Study Guide

# Special Relativity Terms

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## Special Relativity Terms

### Clock

Absolutely any object which marks the passing of time in regular intervals.

### Speed of Light

Exactly what it sounds like: the speed at which light particles, called photons, travel. It's universal for any light particle; always equal to .Nothing can go faster than the speed of light, according to the famous Albert Einstein. It's the unbreakable speed limit of the universe.

### Beta, β

The objective judge that compares an object's speed to the speed of light. Everyone is jealous at how fast a photon can go. Judge Beta makes a fair verdict by dividing velocity v by the speed of light c for comparison purposes. In other words,

### Frame of Reference

The position and speed from which an event is viewed. If we run down an alley with a camcorder on our heads, it records the side of the alley "running" the opposite way. If this same camcorder is fastened on a trashcan in the same all for the same run it videotapes us whizzing past it for a brief amount of time. A thug chasing after us with his own camcorder sees things happening from his angle, with us (hopefully) an unchanging distance in front of him while the sides of the alley rush backward. These are all different frames of references.

### Inertial Frame of Reference

A frame of reference describing time and space as if space, such as Mother Earth, is independent of Father Time. All of Newtonian physics happens within an inertial frame. Inertial frames have constant velocities. Acceleration creates a non-inertial frame.

### Galilean Transformations

Equations that switch from one inertial frame of reference to another.

### Spacetime Coordinates

Rendezvous coordinates. If we arrange to meet up with a friend somewhere, we agree on a a location and time, given the variable s = (x, y, z, t).

### Event

A set of outcomes of an experiment.

### Relativistic

Think of it as relightivistic. It describes anything moving at a significant fraction of the speed of light.

### Relativistic Factor, γ

Cousins with Judge Beta, Judge Gamma γ compares any property measured in two different frames of references, one of which is moving at a significant fraction of the speed of light,

### Proper Time

The time measured for an event at rest in its own frame of reference. It's a possessive thing: the time that belongs to an event as it views itself.

### Time Dilation

The stretching of time by moving at speeds near the speed of light, relative to an observer. How's that for head-scratching?

### Relativistic Time

It should be called improper time. Time measured by a moving frame of reference rather than one at rest. How rude.

### Simultaneous Events

Two or more events occurring simultaneously, or at the same exact time each with respect to its own frame of reference. Note that an event appearing simultaneous is dependent on the frame of reference with which it's viewed. Yes, simultaneity is relative.

### Proper Length

The cousin of proper time. It's the length measured of an object at rest in its own frame of reference.

### Relativistic Length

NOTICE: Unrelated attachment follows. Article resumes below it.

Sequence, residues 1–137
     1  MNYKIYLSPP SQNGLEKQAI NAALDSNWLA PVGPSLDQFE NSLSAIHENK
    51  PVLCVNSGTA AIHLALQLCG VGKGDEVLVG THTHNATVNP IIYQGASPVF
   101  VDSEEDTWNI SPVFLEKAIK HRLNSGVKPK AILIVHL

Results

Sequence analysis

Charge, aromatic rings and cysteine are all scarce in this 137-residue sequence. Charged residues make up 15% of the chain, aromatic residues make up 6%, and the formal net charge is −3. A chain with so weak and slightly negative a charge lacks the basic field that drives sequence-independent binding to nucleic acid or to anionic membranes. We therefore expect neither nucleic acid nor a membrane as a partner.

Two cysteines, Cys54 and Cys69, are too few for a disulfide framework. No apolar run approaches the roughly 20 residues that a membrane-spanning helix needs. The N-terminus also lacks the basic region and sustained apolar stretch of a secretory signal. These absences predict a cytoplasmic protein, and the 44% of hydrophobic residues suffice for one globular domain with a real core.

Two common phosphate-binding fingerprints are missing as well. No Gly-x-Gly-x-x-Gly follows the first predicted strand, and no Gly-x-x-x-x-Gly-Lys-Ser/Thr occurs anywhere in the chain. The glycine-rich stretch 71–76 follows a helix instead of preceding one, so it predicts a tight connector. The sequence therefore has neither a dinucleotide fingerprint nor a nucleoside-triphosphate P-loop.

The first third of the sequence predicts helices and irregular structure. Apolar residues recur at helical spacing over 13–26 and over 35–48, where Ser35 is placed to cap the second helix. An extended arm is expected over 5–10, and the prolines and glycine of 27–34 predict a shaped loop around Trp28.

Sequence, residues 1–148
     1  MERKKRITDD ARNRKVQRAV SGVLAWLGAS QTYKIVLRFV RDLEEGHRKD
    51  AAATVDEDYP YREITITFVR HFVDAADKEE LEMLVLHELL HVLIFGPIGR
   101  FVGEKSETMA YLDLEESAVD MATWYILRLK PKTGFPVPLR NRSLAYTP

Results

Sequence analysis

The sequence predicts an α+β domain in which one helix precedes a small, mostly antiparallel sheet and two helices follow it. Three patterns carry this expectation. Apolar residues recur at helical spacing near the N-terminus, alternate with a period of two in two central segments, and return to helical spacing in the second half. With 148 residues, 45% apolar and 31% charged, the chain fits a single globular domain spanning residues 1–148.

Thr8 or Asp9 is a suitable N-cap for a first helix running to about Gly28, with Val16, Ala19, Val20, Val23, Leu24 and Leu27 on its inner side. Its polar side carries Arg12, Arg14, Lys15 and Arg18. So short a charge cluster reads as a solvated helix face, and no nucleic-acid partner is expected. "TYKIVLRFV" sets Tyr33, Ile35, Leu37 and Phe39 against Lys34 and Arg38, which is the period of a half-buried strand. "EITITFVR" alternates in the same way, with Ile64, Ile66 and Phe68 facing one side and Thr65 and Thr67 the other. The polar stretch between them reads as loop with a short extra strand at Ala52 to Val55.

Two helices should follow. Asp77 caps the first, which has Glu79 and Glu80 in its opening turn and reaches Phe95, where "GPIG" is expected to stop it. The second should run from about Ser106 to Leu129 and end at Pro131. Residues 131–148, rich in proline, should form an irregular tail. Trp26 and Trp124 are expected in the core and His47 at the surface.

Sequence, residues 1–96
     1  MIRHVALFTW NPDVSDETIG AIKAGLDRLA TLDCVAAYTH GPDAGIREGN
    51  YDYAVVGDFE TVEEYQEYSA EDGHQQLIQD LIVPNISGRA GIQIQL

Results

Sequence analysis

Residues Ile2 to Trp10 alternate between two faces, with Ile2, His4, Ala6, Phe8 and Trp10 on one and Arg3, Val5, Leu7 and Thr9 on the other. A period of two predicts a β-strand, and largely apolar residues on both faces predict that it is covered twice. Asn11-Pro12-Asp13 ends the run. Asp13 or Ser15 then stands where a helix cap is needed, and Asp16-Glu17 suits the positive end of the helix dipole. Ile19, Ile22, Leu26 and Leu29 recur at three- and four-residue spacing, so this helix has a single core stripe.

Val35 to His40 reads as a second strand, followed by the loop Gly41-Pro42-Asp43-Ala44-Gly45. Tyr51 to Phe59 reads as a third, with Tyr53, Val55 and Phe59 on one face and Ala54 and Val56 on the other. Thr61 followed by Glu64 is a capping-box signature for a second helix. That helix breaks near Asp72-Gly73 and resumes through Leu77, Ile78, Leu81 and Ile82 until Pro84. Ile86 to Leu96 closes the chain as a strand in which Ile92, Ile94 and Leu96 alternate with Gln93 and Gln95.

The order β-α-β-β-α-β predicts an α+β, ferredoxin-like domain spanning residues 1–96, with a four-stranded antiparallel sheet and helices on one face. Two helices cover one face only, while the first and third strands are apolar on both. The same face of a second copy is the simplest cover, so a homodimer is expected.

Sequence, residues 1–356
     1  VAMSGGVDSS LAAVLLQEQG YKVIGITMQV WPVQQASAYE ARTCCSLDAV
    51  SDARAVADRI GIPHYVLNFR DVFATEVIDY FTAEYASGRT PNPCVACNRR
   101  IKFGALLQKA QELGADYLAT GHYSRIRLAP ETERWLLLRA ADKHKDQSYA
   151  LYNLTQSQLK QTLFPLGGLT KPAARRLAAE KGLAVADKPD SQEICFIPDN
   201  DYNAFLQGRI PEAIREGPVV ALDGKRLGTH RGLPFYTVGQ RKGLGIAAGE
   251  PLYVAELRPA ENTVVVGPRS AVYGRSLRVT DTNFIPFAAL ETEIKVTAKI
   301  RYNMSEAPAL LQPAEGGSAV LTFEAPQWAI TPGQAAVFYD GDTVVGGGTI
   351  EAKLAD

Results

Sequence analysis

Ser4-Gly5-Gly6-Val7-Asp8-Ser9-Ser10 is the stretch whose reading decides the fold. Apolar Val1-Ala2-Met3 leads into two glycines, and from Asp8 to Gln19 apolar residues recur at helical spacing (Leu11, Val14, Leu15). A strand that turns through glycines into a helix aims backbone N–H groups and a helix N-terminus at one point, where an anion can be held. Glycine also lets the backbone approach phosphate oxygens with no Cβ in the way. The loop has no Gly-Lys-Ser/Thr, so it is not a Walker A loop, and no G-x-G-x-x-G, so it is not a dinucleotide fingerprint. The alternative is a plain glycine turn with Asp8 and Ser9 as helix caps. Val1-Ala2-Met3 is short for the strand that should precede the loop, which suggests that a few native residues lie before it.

The rude cousin of proper length. It's the length measured of an object from a moving frame of reference with respect to the object, or the length measured of a moving object relative to a stationary observer.

### Length Contraction

Think of it as contracting lengthy words, like should not into shouldn't. Objects moving at relativistic speeds shorten as viewed by a nonrelativistic frame of reference. True story. The converse is true as well: a relativistic frame of reference would view a nonrelativistic length as shorter, because of the relativistic difference in speeds of the two frames.

### Invariant Quantity

A quantity that never variesno matter which frame of reference considers it. Namely, the speed of light. There are others, too.

### Space-time Interval

The interval between two events, or Δs. This interval is invariant under Lorentz transformations.

### Spacelike Interval

A nospace interval. It describes two events that can't share the same space because there's not enough of it.

### Timelike Interval

A notime interval. Describes two events that can't share the same time because there's not enough time.

### Lightlike Interval

A light interval. An interval that represents events traveling at the speed of light.

### Mass-Energy Equivalence

Einstein's most famous relation, E = mc2. Any mass can be transformed into energy and vice-versa. It includes both the rest energy from mass and kinetic energy together.

### Relativistic Momentum

The momentum of an object moving at a relativistic speed.

### Relativistic Mass

The mass of an object moving at a relativistic speed.

### Rest Mass

The mass of an object at rest, or as viewed from its own frame of reference, otherwise known as proper mass.

### Relativistic Kinetic Energy

The energy from motion of an object moving at a relativistic speed. It's calculated by KE = (γ – 1)mc2.

### Rest Energy

The energy of an object associated with its rest mass through Eo = moc2.

### Lorentz-Einstein Transformations

Equations that switch times and distances from one frame of reference to another, where one at least one frame is moving at a relativistic speed.

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